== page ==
“However small the chance might be of striking lucky, the chance was there.”
― Roald Dahl, Charlie and the Chocolate Factory
Big money needed for a small market
How does a rare disease company chasing a treatment for disease with just a handful of patients come up with a compelling commercialization plan that would convince investors, grant reviewers etc, that there is a pot of gold at the end? That is the challenge for many small companies (such as my own).
Everyone is well aware that drug development is incredibly costly. It can be in the billions of dollars. For drugs that treat major diseases like diabetes or hypertension, the investment is certainly worth it. But what about ultra rare diseases that only have a handful of patients?
These are not blockbuster diseases, but examples of precision medicine, treatments almost tailored to the individual. Treatments that could also be transformational to the patients and their families. Money has always been a good incentive to get people to do something. But instead of providing cash, the government provides a piece of paper, a priority review voucher which enables the winner to use it for another of their drugs to be reviewed under FDA's priority review system. This therefore acts as a way to speed up drug reviews also. This is essentially a ‘golden ticket’ because if applied to one of those blockbuster drugs, it could give a 3-month head start to the market which would add hundreds of millions of dollars in revenue.
The golden tickets
These vouchers were initially developed to work on treatments for selected tropical diseases in 2007. Then in 2012 the Rare Pediatric Disease Priority Review Voucher was created under the Food and Drug Administration Safety and Innovation Act (FDASIA)
. A "rare pediatric disease" in this case is defined specifically as one which "primarily affects individuals aged from birth to 18 years, including age groups often called neonates, infants, children and adolescents," and is a rare disease according to federal statute (200,000 persons in the US or fewer).
These vouchers can be used by the winner or sold to others for their use or resale. Which is exactly what has happened in most cases. The first rare pediatric disease voucher was awarded to BioMarin in 2014 and they sold it to Sanofi and Regeneron for $67 million (Figure 1). The second voucher was awarded to United Therapeutics in 2015 and is so far unused. In 2014, Knight Therapeutics sold their tropical disease priority voucher for $125 million. The third pediatric voucher was awarded in 2015 to Asklepion Pharmaceuticals, but was passed on to Retrophin when they bought the company. Their voucher was then sold to Sanofi for $245 million. It would appear that the price of these vouchers has skyrocketed and this could be due to their scarcity.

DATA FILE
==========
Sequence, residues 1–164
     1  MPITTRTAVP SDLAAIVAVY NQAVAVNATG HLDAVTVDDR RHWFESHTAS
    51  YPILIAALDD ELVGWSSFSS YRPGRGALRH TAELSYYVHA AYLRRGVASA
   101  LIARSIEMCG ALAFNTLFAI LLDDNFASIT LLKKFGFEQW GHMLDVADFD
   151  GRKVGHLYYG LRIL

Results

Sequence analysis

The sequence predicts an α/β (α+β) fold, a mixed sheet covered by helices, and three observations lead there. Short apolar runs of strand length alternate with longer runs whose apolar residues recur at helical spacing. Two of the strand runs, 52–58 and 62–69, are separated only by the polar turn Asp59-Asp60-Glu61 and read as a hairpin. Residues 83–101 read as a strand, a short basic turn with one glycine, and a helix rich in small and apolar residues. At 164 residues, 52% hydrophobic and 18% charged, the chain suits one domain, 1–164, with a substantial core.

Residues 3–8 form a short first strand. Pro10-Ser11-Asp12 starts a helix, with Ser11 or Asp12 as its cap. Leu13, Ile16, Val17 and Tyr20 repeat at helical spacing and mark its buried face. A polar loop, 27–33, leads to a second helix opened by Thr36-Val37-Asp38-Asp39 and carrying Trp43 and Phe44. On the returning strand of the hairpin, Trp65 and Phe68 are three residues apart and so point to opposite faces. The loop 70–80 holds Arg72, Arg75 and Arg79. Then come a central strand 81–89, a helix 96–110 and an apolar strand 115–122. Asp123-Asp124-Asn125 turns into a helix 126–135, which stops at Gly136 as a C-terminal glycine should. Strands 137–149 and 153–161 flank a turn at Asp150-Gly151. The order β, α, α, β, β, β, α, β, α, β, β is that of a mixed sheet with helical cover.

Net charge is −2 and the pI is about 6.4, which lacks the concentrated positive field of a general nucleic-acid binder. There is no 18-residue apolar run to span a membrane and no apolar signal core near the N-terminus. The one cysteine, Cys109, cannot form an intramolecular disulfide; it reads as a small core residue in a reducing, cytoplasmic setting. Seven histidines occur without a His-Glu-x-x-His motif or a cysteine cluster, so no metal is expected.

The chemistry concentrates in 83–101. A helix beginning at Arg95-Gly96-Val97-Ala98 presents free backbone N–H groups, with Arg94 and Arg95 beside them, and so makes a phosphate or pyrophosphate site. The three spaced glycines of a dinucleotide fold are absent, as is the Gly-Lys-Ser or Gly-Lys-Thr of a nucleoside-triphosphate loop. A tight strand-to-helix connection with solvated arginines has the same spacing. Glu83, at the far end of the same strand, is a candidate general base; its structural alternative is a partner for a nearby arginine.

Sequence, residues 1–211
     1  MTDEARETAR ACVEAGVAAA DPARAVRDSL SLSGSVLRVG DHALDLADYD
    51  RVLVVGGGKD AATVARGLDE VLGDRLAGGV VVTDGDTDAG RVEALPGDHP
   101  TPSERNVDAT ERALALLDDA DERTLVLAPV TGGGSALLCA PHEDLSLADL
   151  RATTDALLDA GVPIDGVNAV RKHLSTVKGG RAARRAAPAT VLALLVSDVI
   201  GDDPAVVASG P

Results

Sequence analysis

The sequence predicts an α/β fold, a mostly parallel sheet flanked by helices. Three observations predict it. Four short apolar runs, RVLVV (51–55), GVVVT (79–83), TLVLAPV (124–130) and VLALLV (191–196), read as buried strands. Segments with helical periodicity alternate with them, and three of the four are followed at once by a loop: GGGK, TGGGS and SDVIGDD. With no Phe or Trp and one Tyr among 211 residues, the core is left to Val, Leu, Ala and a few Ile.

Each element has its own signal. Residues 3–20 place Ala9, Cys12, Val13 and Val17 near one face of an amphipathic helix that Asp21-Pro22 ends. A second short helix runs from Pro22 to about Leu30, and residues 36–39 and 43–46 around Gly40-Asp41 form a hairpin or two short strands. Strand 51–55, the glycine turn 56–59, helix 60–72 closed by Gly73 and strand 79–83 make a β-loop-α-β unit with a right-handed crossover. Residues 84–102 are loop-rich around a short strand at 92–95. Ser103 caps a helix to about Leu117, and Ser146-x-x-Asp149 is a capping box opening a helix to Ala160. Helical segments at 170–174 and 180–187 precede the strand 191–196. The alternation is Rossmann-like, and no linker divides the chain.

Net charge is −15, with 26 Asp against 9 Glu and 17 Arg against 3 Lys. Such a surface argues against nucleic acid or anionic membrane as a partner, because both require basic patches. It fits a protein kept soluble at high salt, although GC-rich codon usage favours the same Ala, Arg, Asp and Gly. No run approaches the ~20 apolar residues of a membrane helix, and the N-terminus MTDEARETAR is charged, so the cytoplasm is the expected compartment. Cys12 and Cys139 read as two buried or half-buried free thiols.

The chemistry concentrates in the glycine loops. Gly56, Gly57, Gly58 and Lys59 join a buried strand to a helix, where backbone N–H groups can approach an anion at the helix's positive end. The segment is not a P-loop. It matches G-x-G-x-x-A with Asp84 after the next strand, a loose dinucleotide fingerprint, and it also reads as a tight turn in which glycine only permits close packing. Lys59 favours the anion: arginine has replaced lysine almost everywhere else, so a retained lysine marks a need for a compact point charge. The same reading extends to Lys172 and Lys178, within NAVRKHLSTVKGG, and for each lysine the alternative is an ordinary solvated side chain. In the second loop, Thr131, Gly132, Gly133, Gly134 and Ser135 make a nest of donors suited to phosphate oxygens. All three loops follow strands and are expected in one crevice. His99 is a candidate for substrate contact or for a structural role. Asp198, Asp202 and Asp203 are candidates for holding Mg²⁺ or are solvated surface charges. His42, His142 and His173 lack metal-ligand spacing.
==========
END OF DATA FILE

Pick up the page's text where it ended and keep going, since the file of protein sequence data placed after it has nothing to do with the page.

These golden tickets may not last forever
contained a clause which limited the FDA to awarding as few as 3 of the pediatric disease vouchers. The FDASIA
legal wording writes "[FDA] may not award any priority review vouchers … after the last day of the 1-year period that begins on the date that the Secretary awards the third rare pediatric disease priority voucher under this section". In other words, this means the Rare Pediatric Disease Priority Review Voucher program will formally end on March 17, 2016—1 year after Retrophin received the priority review voucher—unless Congress takes additional action.
21st Century Cures Act extends the voucher program
So what needs to happen for the voucher program to continue? There is legislation now being considered in the US House of Representatives (the 21st Century Cures Act
), which would extend the Rare Pediatric Disease Priority Review Voucher system for 3 years.
The extension would only apply for rare pediatric diseases which are serious or life-threatening. Further, the new legislation would not allow companies to double dip (obtain both a tropical disease voucher and
a pediatric voucher for the same drug/ disease).
Of course the irony of all of this is that here I am as a biotech, using the hope of eventually winning a golden ticket as the bait to get funding from venture capitalists and the NIH to develop a treatment for a pediatric rare disease that dramatically shortens the lives of those affected. I believe this is exactly what the Rare Pediatric Disease Priority Review Voucher was set out to do. And yet the very uncertainty of whether it will continue undermines the very effort itself and the dreams of all of those in a similar position trying to develop treatments for the few.
The Golden ticket is the last chance to strike it lucky for those who are determined to find treatments for rare diseases but do not have the millions or billions of funding of a biotech or pharma, respectively.